Southern States Are Living in the Red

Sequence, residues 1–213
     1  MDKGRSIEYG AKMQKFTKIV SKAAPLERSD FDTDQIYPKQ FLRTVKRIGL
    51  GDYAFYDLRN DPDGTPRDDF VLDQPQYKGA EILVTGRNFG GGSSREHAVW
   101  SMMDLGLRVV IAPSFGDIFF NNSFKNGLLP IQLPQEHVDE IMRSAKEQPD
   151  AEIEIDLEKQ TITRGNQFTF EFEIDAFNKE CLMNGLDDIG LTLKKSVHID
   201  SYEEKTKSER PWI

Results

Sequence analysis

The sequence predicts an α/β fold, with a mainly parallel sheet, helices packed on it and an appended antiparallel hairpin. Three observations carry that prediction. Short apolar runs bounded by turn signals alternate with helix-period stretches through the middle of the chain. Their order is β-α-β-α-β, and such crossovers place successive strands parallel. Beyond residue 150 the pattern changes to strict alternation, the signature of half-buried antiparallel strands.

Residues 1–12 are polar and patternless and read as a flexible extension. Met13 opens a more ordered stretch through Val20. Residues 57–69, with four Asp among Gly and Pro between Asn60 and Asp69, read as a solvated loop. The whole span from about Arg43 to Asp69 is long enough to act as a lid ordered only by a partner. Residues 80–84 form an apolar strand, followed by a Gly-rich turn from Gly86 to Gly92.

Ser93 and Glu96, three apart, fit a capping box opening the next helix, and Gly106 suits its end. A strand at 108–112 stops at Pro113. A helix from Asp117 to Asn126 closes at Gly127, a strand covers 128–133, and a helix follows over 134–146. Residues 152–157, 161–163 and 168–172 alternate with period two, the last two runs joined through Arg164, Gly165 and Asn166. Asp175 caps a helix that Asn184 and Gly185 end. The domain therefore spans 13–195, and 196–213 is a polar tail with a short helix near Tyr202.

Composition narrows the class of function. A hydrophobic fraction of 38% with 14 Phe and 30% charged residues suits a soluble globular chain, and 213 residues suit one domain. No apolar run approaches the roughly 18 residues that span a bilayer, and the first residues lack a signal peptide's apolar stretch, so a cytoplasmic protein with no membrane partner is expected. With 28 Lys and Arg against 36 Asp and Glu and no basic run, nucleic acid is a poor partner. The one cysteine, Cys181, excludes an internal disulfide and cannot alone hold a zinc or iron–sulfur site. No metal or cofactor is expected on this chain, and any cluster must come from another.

The recession officially ended more than a year ago, but its effects can still be felt by consumers nationwide. The unemployment rate remained stuck near 10% this year, and currently stands at a stubbornly high 9.8% as of November. Meanwhile, many Americans remain unsure about whether they will have a proper roof over their heads, as one in every 492 homes received a foreclosure notice last month. To make matters worse, many consumers are increasingly hounded by personal debts that they are struggling to pay off. The average U.S. adult owed nearly $25,000 in non-mortgage debt from credit cards, auto loans and the like, as of the end of October, which works out to be about 61% of the total annual income that the average American takes home. That doesn’t allow too much financial breathing room. Yet, for all the menacing statistics, the financial well-being of some regions in the country is significantly better off. In the latest installment of the Happiness Index, MainStreet finds that states in the Northeast and Midwest are beating out other regions in financial well-being, though even these regions are not without problems. By contrast, some states, particularly in the South and Southwest, have fallen far below the national average in each of the above categories, and consumers there are desperately in need of some financial lifelines.